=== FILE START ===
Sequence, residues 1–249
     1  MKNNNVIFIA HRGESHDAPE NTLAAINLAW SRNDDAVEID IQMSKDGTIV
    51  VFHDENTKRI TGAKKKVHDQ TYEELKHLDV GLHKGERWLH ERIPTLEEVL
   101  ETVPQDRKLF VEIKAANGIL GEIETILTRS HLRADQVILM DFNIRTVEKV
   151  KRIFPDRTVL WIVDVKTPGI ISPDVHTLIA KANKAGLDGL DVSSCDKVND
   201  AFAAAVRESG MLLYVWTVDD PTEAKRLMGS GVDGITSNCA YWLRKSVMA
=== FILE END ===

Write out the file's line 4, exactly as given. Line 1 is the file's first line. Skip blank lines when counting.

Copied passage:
   101  ETVPQDRKLF VEIKAANGIL GEIETILTRS HLRADQVILM DFNIRTVEKV